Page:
Rule one If your sentence begins with an introductory element, put a comma after it. Even if it’s a short element, put a comma after it. In time, you’ll be putting this comma in without having to think about it.
Rule two Any element which interrupts the movement of the sentence, whether it’s big or small, should be set off with commas. This sentence, like the first, also has an element set off with commas. An element that appears at the end of the sentence should also be set off with a comma, as I’m showing here.
Rule three Items in a series should be separated with commas. What do I mean by “items in a series”? Wine, women, and song. Life, love, and laughter. Crosby, Stills, Nash, and Young.
Rule four Complete sentences that are joined by a coordinating conjunction (and, but, for, nor, or, so, yet) need a comma before the coordinating conjunction. That might seem obvious, but this comma frequently gets left out. Putting it in makes a sentence more readable, and any reader appreciates that.
Rule five Complete sentences that are joined without a coordinating conjunction need a semi-colon instead of a comma; the semi-colon shows the end of one sentence and the beginning of the next. Semi-colons are often followed by a connecting word or phrase; however, a connecting word or phrase is not necessary. Sentences joined with only a comma are called comma splices; they’re among the most common errors that come up in college writing.
(Note: In the next-to-last sentence in the previous paragraph, there’s a comma after however because it’s an introductory element in the second sentence.)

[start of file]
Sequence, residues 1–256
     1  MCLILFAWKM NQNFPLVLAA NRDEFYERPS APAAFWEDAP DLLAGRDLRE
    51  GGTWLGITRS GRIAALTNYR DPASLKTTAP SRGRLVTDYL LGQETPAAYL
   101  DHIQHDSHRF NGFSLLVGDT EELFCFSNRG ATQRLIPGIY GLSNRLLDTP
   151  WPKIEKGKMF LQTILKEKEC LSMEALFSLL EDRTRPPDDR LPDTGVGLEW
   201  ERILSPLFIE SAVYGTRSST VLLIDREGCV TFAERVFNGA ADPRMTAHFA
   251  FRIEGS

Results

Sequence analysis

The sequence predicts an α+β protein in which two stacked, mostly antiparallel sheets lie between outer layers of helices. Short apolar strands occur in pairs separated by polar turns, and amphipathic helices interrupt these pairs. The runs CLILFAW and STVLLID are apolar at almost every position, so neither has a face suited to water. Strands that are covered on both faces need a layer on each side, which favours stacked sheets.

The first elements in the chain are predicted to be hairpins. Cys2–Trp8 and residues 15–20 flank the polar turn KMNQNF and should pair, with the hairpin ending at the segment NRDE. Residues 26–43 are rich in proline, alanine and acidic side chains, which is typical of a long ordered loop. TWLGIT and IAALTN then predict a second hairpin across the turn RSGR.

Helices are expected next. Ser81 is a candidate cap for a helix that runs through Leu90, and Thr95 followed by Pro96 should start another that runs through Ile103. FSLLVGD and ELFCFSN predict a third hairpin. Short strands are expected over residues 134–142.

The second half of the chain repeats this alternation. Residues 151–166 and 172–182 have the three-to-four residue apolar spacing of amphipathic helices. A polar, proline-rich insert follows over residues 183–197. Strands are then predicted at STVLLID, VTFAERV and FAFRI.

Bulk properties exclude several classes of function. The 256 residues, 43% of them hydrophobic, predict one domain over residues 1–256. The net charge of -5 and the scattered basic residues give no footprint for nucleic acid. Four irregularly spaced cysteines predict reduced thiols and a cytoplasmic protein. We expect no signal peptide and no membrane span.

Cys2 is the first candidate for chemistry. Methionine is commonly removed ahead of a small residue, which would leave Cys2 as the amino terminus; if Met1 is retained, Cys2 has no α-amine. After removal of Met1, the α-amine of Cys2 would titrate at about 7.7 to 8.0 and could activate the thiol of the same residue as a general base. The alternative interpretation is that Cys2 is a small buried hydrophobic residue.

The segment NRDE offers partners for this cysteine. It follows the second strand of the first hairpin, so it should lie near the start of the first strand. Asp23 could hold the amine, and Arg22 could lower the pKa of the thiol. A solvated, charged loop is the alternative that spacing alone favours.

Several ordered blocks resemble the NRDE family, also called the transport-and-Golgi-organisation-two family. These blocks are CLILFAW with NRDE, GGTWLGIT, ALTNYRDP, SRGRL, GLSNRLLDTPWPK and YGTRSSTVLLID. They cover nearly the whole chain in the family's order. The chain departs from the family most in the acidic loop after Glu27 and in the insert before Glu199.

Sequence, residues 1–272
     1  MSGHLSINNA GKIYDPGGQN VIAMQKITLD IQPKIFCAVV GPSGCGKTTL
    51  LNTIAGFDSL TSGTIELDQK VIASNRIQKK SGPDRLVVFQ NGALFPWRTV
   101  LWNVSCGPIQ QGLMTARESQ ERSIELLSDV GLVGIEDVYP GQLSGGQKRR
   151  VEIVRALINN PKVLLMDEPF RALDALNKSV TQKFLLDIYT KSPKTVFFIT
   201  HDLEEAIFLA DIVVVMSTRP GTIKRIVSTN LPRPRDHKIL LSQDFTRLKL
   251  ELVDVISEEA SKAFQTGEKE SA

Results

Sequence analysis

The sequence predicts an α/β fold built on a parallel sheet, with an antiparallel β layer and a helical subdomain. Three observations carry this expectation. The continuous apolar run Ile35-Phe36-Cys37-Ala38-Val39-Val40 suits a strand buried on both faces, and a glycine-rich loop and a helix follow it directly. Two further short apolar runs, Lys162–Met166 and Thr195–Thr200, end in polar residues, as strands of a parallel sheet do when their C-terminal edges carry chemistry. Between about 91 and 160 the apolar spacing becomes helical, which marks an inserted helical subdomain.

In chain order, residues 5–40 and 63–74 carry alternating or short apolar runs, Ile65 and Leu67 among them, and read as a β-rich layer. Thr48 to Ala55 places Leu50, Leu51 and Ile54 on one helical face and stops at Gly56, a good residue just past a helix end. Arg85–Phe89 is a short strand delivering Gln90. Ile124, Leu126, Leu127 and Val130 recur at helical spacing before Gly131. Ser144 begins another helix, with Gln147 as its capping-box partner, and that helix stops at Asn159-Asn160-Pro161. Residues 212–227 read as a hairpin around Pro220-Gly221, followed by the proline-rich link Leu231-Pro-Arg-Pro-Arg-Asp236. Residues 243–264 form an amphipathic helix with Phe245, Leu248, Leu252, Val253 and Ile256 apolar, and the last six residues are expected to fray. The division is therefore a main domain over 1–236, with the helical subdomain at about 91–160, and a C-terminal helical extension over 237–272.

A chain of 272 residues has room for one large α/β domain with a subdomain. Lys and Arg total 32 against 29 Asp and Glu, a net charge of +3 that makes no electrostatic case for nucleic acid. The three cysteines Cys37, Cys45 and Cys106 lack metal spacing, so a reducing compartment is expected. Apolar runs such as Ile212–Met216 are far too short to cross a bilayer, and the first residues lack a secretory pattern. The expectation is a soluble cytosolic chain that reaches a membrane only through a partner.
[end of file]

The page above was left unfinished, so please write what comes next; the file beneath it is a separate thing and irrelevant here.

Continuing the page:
Fixing comma splices requires familiarity with two recurring sentence patterns. The first involves a complete sentence, a semi-colon, and another complete sentence:
[complete sentence]; [complete sentence].
Your argument is persuasive; it addresses every objection I had. His research paper is plagiarized; he is going to fail the class. The novel is a relatively recent literary form; it’s not nearly as old as epic poetry and lyric poetry.
The second pattern to look for involves a complete sentence, a semi-colon, a connecting word or phrase, a comma, and another complete sentence:
[complete sentence]; [word or phrase], [complete sentence].
(Again, the comma after the connecting word or phrase is appropriate as that word or phrase is an introductory element in the second sentence.)
I decided not to take the job; instead, I’m going to graduate school. The proposal is flawed; as a result, we’re sending it back for revision. She did well in the class; in fact, she did much better than she had expected.
How can you tell whether you have two complete sentences or one sentence with an interrupting element at its end? With an interrupting element (something less than a sentence in itself), the parts of the sentence can be switched and still make sense:
I’ll go to work, even though I’m sick. Even though I’m sick, I’ll go to work.
But with a second complete sentence and a word or phrase such as instead, as a result, or in fact, the parts cannot be switched and still make sense.
Those are the basics of punctuating sentences with commas and semi-colons. I know from working with many students that any writer can get better when it comes to punctuation. The key is the ability to recognize a handful of familiar patterns. Look for the patterns in your sentences, and you too can get better. With some practice, you’ll be able to see the parts of your sentences falling into place, and punctuating correctly will become, believe it or not, a habit, one that you’ll be happy to have acquired.